- In 2021 5m people aged five and over provided unpaid care in England and Wales.
- An estimated 1.8 million people provided 9 hours or less of unpaid care a week
- 1.5m people provided 50 or more hours of unpaid care a week.
- Support for carers is key to getting more older people back into the workplace.
The ONS has released data on unpaid social care Unpaid care, England and Wales – Office for National Statistics (ons.gov.uk)
Helen Morrissey, senior pensions and retirement analyst at Hargreaves Lansdown:
“There’s a huge hidden workforce of unpaid carers who desperately need support. Social care debate often centres on the number of families facing the enormous financial pressures of funding care home fees. It’s right that this issue is brought to attention but what is often forgotten is the hidden workforce of people who provide unpaid care within the home. An estimated 5m people in England and Wales said they provided some element of unpaid care with 1.5m providing 50 or more hours a week.
Without support these families face horrible mental, physical and financial strain that can put people under real pressure as they try to balance caring for a loved one around their other responsibilities as well as trying to make a living. Providing care for even a few hours per week can make it very difficult for people to go out and find work – and if you are one of the estimated 3m people providing more than this it must be pretty impossible. Let’s not forget younger carers who may find their schooling disrupted as they try to fulfil their responsibilities and the long-term impacts this can have on them.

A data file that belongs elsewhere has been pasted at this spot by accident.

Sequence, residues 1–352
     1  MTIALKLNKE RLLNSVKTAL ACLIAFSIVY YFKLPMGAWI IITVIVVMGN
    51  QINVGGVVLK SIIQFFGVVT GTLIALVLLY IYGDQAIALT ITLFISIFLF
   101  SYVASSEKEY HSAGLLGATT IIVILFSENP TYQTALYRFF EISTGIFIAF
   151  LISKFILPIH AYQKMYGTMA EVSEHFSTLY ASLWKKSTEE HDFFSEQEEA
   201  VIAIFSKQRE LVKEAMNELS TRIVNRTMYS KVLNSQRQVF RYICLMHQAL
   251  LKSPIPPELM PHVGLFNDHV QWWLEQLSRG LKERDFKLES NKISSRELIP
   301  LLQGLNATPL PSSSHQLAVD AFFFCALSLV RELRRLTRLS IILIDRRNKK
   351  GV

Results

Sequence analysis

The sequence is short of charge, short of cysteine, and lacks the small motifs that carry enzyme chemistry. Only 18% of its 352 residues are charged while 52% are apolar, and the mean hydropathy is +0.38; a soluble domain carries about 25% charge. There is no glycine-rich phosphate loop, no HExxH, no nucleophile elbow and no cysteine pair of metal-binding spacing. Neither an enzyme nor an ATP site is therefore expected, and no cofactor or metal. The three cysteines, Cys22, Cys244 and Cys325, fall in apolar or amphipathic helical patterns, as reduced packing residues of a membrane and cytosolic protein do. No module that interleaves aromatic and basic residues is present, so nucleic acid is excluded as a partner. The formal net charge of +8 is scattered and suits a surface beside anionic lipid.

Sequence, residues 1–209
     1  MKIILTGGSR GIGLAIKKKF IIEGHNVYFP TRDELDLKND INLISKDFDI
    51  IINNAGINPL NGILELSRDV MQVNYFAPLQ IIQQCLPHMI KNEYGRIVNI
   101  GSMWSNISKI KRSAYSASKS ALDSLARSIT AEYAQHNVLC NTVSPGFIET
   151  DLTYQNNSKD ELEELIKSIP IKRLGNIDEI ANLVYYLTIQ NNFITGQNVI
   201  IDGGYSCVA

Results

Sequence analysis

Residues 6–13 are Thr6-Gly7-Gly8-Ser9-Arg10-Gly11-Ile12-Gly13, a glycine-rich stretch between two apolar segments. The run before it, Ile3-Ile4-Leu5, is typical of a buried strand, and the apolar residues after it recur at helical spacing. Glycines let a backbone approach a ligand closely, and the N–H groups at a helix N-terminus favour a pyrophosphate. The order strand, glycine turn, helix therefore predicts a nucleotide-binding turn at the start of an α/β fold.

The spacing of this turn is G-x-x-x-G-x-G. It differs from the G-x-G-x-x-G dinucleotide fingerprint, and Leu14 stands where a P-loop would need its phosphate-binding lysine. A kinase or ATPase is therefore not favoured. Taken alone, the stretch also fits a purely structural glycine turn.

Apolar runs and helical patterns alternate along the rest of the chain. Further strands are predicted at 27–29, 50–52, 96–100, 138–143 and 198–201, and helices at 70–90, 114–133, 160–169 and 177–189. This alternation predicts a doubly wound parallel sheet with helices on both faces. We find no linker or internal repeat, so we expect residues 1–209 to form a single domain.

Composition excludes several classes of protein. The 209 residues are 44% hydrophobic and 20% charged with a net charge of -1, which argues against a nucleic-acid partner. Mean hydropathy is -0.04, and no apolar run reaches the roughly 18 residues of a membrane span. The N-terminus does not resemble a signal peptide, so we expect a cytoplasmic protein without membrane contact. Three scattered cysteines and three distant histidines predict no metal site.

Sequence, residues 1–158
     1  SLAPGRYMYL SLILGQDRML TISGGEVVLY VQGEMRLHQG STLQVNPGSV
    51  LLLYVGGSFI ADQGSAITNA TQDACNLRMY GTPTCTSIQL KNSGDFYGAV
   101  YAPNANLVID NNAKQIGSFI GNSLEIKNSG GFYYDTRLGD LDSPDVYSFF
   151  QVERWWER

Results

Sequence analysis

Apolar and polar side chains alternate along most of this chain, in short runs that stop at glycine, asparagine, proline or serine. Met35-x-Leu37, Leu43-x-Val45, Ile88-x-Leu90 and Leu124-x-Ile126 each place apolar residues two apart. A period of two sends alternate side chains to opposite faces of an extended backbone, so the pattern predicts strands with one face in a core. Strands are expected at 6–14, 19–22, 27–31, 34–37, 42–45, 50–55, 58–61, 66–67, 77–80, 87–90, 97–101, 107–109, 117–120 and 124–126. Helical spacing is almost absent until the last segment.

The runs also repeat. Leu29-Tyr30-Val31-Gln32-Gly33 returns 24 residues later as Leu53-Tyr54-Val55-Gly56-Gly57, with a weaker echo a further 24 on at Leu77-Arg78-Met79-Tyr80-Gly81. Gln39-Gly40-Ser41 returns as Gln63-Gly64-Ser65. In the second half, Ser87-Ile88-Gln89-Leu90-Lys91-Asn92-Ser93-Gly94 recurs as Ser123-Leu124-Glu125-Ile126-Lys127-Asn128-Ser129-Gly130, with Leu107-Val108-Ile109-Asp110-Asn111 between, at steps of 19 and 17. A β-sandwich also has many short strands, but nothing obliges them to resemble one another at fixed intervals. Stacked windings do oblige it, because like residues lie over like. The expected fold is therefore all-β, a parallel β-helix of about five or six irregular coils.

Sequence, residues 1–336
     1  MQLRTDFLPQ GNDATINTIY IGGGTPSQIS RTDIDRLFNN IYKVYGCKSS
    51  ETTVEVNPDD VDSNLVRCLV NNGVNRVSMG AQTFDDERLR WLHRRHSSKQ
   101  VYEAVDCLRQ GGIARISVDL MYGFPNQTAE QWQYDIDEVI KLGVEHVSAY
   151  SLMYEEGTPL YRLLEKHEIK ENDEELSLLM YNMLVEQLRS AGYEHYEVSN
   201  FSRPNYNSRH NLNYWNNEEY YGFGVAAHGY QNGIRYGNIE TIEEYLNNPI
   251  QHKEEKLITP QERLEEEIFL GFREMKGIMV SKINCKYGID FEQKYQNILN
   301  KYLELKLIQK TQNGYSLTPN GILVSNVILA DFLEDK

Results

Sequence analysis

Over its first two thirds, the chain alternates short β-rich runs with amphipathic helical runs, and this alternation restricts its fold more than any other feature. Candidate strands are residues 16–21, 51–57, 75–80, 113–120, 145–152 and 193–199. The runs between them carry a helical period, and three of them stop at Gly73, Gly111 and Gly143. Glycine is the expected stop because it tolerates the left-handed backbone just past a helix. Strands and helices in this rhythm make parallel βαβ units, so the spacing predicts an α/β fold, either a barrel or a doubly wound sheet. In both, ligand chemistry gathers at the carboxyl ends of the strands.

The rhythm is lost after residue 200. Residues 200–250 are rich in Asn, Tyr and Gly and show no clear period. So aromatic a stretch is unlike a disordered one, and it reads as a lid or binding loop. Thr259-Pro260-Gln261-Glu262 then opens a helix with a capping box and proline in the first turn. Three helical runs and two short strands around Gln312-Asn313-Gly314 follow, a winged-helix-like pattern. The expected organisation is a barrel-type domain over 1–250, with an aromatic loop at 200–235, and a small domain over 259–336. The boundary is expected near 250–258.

Caring for a loved one is a key reason why we are seeing older workers leaving the workforce. Trying to tempt the over 50s back into work is a priority for government with rumours of potential tax breaks being offered. However, the provision of more flexible working environments will be vital in helping people back. Their caring responsibilities mean a 9-5 just simply isn’t possible for many of these people and we will need to see a much more flexible approach being taken in terms of hours worked and home working if returning to work is to be a viable option.”